Gianni Balzanella's impressionist interest characterizes his pictorial art in which details are evocative, allusive as well as visibly clear. The essence of the landscape never appears so decorative, but more chromatic and crossed by light at a precise moment. The silent light continually changes, each moment differs from each other and every instant offers a different vision from the following one: the constant flow becomes the central point of the present study. The artist does not, however, allude to the ideal construction of reality being careful of the instant feeling which comes up suddenly evoking pathos and strong emotions. Furthermore, the artist is also attracted by the Sea Storms painted with quick brush strokes, rich in various and deep blue, sky blue and green shades crossing the canvas depicting crinkled and swirling waves that break on the shore. Balzanella is directly inspired by Claude Monet's stormy seas in the region of Normandy, as well as the impetuous and powerful waves painted by Paul Gauguin and the colourful and realistic Mediterranean Sea at Les Saintes-Maries-de-la-Mer. The study of the movement of water is carefully analyzed through a constant investigation on the resulting intense and bright gleams of light and dawns pierced by light rays and brilliant colourful flames. Seas, rivers and lagoons become diaphanous and alabaster surfaces where the transparencies compete with innumerable reflexes on which the artist seems, magically, to block time encapsulating it forever in a chromatic bundle of rays and vibrations. Plays of light in St Mark's Basin are, moreover, a recurrent and suggestive creative inspiration to modulate the colour and the brightness of the breezes dissolved in various graduated shadings expressing the fusion between Venice and the sea. Balzanella misleads the apparent barriers playing with the mirror-like reflection of waves and earthly elements being fleeting and confused feeling a rising sense of peace expressed in the painted Rialto Bridge or the light dance of the canal boats. The lagoon forms here dissolve themselves in the rarefied chromatic characteristics explaining a fleeting, fluid and magical reality that also fascinated William Turner and Vasilij Kandinskij. The artist, however, showing the same interest in storms or views of snow-capped peaks with skaters of Pieter Bruegel the Old, portrays solitary and silent landscapes where white penetrates into the things in very bright shades of blue. The importance of suspended storm conditions, the lack of thunders, the origin of new forms and eccentric profiles, (re)drawn by the candid mantle of snow, has always inspired poets and artists in a succession of profoundly graceful images: Pascoli preached the value of peace and innocence, Carducci highlighted the importance of memory, Saba imagined the snow like angel wings to embellish the bare and arid winter landscapes defining it 'blooming'. Besides, Camille Pissarro and Alfred Sisley painted scenes of great grandeur - clear skies, solitary figures moving at a slower pace in silvered landscapes where the silent trails reflect the stagnant life and time cycle - that, nevertheless, tell of travellers, itineraries, what has been done and will be done again. An amazing and bizarre snow-white monochromatic universe that, inspired by Giuseppe De Nittis, shows a mysterious connection between perfection and chaos manifested through the perfect symmetry of the snow crystal coming from a storm. In conclusion, Gianni Balzanella investigates the concept of beauty formulating contradictions: life and time are in a constant state of flow trying to catch a unique and irripetible instant and immobilize it forever on the canvas.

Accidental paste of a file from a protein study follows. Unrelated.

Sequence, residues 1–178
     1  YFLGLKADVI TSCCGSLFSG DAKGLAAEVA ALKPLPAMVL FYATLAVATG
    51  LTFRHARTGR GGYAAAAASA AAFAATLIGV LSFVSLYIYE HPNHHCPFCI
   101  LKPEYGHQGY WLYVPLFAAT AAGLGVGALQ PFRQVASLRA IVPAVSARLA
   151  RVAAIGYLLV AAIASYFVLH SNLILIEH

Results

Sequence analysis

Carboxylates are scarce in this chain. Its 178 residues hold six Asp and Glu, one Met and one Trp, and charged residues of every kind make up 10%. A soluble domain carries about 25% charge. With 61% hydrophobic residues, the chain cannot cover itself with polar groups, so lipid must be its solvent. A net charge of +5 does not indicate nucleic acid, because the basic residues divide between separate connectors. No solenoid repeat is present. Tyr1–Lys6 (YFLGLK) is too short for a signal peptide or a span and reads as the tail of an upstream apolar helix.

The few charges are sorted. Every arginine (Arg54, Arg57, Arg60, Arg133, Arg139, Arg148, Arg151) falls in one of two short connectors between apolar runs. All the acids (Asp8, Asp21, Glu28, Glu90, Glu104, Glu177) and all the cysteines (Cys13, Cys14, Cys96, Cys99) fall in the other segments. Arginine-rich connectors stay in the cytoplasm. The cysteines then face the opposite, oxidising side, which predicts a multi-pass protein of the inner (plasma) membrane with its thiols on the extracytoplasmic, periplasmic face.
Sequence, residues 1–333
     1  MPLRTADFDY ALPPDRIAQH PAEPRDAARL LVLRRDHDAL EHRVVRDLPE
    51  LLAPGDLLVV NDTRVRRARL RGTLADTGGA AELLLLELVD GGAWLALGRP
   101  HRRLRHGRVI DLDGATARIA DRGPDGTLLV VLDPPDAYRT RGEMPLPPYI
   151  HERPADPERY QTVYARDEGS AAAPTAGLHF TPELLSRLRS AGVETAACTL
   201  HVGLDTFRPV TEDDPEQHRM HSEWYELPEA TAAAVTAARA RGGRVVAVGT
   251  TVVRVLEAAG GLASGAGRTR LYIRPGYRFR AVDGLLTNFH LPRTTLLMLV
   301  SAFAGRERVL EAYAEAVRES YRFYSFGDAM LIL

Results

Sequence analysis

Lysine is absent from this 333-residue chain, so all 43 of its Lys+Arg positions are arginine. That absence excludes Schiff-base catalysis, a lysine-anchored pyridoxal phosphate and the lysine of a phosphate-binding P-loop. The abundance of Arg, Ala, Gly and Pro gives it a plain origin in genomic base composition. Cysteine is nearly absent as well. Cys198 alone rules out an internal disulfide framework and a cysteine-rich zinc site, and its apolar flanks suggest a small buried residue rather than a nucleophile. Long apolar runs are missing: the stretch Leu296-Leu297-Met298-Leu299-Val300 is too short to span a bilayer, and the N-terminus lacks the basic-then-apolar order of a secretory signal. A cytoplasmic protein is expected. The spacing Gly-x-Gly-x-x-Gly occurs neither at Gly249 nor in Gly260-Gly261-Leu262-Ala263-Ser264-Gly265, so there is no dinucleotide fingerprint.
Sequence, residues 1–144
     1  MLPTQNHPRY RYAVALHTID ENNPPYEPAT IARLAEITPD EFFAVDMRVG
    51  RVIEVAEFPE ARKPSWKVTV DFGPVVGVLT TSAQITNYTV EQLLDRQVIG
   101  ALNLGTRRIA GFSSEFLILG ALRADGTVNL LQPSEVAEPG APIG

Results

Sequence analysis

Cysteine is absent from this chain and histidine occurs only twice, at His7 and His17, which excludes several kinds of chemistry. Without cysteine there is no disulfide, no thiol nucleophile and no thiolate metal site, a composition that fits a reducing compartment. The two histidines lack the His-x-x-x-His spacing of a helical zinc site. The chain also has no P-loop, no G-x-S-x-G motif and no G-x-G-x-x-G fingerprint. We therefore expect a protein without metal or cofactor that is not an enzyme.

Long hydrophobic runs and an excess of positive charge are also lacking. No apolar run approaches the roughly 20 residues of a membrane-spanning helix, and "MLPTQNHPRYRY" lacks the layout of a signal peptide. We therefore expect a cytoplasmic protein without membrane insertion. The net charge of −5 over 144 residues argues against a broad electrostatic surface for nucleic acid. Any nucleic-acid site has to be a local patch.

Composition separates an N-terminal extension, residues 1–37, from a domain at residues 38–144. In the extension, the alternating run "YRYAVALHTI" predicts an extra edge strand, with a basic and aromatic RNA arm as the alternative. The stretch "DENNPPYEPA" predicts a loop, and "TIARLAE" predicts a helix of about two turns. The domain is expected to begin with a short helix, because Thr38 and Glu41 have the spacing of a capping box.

Prof. Antonella Nigro